That sounds more like a game of Civ II than it does a convincing account of world history ... Oh well, bad luck all those poor other players that spawned in regions of the map without resource squares. I guess they don't get to invent [Industrialisation] and build [Factory].

Quite seriously: I am beginning to suspect that Civ has had a direct influence on Diamond's Internet popularity. Of course, it's hard to disentangle that from a couple of other obvious broad cultural factors, since engineer's syndrome and the clash of civilizations are both major influences on Internet social discourse in general as well as on the game. That is, on the one hand, Internet arguments very often display a strong preference for simple-sounding technical explanations and theories that privilege environmental/physical factors over cultural, social, political, and/or economic ones; and on the other hand, envisioning world history as a geopolitical resource war is popular outside of gaming circles as well as inside them. But beyond that, it does start to seem like the specific way the rules of the game impose a kind of anticulturalist, antipolitical resource-competition view of conflict, and the game's teleological model of growth and development and conquest as victory conditions, have really taken root and become naturalized as the conceptual backdrop against which people are testing Diamond and Diamond-like explanations.
posted by RogerB at 12:37 PM on November 20, 2013 [12 favorites]


Hey koeselitz, I think it was me that provoked your anger by suggesting once that you hadn't read the book, and my apologies for that, but I was responding to a dismissal that you made of the book's approach which I thought was pretty well answered in the book itself. In fact the book does directly anticipate and address most of the criticisms given in this thread, which is why it's easy to assume that the critics either haven't read it, or glossed over the bits that addressed precisely what they're complaining about (e.g. 'determinism', application of the scientific method to history, moral culpability in colonialism, Europe vs Eurasia etc).

When you elaborate on your complaints, it seems to amount to an objection to the suggestion that being environmentally favored leads inevitably to violently conquering the rest of the world. Which isn't the argument; the argument is that being environmentally favored is a key factor in making violent conquest of the rest of the world possible.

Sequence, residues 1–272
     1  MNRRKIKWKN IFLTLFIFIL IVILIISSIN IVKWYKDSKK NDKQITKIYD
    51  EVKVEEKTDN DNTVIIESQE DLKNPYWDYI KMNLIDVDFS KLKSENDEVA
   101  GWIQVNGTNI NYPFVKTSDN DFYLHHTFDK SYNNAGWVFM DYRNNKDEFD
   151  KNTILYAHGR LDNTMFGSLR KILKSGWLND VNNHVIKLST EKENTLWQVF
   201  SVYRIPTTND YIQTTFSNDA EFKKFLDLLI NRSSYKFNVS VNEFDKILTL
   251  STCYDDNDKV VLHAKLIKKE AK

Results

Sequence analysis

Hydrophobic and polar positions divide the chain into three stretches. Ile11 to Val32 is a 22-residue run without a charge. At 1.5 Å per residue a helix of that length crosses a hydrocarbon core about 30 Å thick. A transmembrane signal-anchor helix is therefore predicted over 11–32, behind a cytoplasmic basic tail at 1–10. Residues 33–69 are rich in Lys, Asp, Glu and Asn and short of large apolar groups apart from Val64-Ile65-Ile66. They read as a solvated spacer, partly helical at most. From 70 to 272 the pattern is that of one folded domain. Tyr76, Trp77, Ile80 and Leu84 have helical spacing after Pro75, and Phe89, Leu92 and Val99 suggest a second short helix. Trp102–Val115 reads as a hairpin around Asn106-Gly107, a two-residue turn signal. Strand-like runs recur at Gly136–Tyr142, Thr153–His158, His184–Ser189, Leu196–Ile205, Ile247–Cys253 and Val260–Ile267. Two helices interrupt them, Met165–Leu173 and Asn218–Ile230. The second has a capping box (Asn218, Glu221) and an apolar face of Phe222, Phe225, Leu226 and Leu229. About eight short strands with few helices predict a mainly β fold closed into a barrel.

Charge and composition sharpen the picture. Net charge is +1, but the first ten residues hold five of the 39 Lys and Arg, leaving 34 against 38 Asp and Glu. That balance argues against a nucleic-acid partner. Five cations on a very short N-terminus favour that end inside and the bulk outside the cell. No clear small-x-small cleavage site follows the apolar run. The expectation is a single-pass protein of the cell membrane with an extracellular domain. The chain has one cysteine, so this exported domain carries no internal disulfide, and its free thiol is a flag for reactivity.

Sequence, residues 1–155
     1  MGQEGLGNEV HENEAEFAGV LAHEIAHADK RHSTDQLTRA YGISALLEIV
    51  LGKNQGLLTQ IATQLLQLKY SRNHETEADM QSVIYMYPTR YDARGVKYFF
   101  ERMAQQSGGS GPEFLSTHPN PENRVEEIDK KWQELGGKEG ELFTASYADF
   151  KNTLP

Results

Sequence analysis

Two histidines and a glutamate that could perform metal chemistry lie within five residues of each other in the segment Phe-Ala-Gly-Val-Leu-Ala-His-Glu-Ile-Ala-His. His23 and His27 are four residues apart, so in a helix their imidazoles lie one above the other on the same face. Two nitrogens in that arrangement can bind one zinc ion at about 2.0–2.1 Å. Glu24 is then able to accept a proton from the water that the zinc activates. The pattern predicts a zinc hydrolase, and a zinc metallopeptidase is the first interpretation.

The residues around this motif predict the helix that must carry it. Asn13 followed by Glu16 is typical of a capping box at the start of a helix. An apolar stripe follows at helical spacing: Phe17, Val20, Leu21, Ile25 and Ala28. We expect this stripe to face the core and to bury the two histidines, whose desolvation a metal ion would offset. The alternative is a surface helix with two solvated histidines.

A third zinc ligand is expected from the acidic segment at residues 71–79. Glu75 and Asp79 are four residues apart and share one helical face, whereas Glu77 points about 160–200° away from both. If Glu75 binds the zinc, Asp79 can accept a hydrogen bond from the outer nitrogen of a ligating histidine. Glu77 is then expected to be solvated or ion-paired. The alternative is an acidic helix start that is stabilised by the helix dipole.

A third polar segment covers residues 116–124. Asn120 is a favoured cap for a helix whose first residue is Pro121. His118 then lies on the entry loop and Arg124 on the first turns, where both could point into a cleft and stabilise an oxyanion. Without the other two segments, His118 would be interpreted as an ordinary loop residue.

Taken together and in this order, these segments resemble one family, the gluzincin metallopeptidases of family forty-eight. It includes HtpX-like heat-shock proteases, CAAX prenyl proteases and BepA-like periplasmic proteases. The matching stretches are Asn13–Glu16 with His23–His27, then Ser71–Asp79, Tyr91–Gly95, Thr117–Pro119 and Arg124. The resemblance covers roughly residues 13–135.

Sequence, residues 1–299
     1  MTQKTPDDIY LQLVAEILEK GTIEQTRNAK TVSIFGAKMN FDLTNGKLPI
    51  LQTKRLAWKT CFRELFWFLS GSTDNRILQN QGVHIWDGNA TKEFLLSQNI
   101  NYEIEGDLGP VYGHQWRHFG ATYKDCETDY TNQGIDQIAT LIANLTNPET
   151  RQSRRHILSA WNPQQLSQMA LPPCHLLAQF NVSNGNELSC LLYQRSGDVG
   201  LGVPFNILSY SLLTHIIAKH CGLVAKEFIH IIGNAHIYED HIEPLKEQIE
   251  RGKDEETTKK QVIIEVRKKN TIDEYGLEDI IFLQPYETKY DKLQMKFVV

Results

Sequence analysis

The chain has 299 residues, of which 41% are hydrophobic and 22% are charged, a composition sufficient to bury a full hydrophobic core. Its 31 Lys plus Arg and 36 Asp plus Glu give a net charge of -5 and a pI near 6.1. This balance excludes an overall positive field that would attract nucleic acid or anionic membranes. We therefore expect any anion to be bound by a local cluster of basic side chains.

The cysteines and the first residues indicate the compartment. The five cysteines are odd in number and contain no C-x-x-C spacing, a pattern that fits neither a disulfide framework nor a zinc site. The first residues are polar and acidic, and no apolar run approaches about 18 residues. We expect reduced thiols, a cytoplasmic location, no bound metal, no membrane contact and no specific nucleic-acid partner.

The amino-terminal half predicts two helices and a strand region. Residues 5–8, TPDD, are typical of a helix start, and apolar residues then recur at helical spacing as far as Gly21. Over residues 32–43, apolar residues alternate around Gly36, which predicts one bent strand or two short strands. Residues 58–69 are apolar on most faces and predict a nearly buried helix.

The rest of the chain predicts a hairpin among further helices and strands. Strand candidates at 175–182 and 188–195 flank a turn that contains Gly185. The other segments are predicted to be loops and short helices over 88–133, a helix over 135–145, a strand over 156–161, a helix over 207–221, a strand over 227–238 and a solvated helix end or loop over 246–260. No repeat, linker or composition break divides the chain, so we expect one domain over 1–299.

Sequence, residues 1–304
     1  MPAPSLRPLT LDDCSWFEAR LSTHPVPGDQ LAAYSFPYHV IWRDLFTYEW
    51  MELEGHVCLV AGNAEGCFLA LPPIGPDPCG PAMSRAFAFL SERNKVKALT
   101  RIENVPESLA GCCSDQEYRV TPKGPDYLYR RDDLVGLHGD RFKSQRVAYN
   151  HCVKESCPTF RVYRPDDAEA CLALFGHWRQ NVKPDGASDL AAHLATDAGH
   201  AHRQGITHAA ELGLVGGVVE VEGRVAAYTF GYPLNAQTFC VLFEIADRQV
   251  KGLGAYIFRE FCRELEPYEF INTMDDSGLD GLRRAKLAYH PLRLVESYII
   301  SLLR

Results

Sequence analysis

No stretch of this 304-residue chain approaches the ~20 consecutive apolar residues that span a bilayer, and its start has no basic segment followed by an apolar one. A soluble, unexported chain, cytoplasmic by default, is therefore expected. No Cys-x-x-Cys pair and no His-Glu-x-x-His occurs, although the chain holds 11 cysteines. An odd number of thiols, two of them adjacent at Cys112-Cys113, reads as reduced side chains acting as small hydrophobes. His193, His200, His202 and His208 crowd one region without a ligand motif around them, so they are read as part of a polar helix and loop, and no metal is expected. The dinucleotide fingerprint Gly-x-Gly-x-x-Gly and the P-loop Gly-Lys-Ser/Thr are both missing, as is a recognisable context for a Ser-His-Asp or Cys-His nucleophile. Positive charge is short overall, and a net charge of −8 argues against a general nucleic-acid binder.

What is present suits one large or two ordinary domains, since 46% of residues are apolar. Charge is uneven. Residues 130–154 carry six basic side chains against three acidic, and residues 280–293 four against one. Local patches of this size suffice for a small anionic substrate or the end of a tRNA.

It's pop-sci of course, and I read this book when I was a teenager - criticize him for writing a book that even a teenager might be inclined to read - it's not an academic tome and doesn't pretend to be. But the central arguments aren't wrong for all that.

I will always have a soft spot for this book and defend its merits, because I read it at a time when teenage me was bothered by the very questions it answers - as a white Australian I grew up in an environment where there were two possible explanations given for why Australian Aboriginal society had remained in a hunter-gatherer state so vulnerable by European contact:

-The politically correct explanation being kind of a 'noble savage' thing; they were just more 'in harmony with nature', they were just culturally 'content' with no 'need' to develop technological civilisation.

-The less politically correct (but very widely believed among white-Australians) explanation, being that they were an inferior type of human without the brains to progress beyond the hunter-gatherer stage, displaced by a smarter people in a 'survival of the fittest' manner.

While one of these explanations is more ugly than the other, they are both essentially 'just-so stories'. When I read GGS, it was a bit of a lightbulb moment for me, because here was a third, and much more convincing explanation - Australian Aboriginals did not develop technological civilisation because the native Australian environment did not support the type of intensive food production that might allow it to develop. There was nothing 'different' about the Aboriginals - for better or worse - they were simply living within their environmental constraints; their continent did not support agriculture, which precluded a technological division of labour.